Interstate growers lock the gate on CGMMV

INTERSTATE watermelon growers are introducing stringent biosecurity measures on their properties as they wait to see whether or not the virus that has crippled the industry in Katherine will reach their farm gates.

As producers in Katherine continue to come to terms with the fallout from the cucumber green mottle mosaic virus outbreak in the Northern Territory, farmers in other growing regions are doing everything they can to ensure a similar fate does not befall them.

Four quarantine zones - three in Katherine and one in Darwin - have now been set up, with growers impacted by CGMMV told they will have to burn and bury their existing crops.

In a further blow, watermelons will not be able to be grown in the Katherine region for up to two years as the Department of Primary Industry and Fisheries attempts to wipe out the virus.

New South Wales producer Jamie Schembri, who grows watermelons on Greenview Farm, near Griffith, said the CGMMV outbreak had shaken the industry.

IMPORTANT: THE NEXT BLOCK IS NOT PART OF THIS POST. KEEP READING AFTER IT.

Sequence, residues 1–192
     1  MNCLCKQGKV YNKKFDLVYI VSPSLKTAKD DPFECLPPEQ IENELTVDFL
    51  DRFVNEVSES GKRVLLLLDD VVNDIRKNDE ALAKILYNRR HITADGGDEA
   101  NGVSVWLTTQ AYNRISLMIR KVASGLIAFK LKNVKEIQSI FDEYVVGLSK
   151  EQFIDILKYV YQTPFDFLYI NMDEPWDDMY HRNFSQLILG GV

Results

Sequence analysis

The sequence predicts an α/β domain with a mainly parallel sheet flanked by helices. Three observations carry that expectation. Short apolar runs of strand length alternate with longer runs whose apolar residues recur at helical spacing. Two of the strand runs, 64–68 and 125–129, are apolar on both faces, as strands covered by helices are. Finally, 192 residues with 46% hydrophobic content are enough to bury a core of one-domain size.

The majority of Mr Schembri’s income is derived from growing about 10,000 tonnes of watermelons each year and he said it would be catastrophic if his crop succumbed to the virus.

“It’s a very big concern for us, as melons are our main line of produce, so we’re at this time just starting off some biosecurity and making sure we’re looking at the paddock pretty hard,” he  said.

“We definitely have to put our foot baths in and not allow anyone down the paddock without authorisation.

“We’re really nearly putting a lock on the gate.”

While CGMMV is yet to be detected outside of the NT, Mr Schembri said he and other growers were working on the assumption it eventually would be.

“You’ve just got to have it at the back of your mind that there is a chance [of an interstate outbreak],” he said.

“No one really knows how bad it can get if it moves around.”

Primary Industry and Fisheries Minister Willem Westra van Holthe said, while he empathised with impacted growers, tough quarantine measures were needed to ensure Katherine’s watermelon industry survived.

“We do have to deal with it and we do want to have an industry in the future, which is why we have to take these strong steps now,” he said.

GROWING BAN: Fruit infected with CGMMV is inspected on a Katherine farm. Photo: B. CONDE/DEPARTMENT OF PRIMARY INDUSTRY AND FISHERIES

GROWING BAN: Fruit infected with CGMMV is inspected on a Katherine farm. Photo: B. CONDE/DEPARTMENT OF PRIMARY INDUSTRY AND FISHERIES

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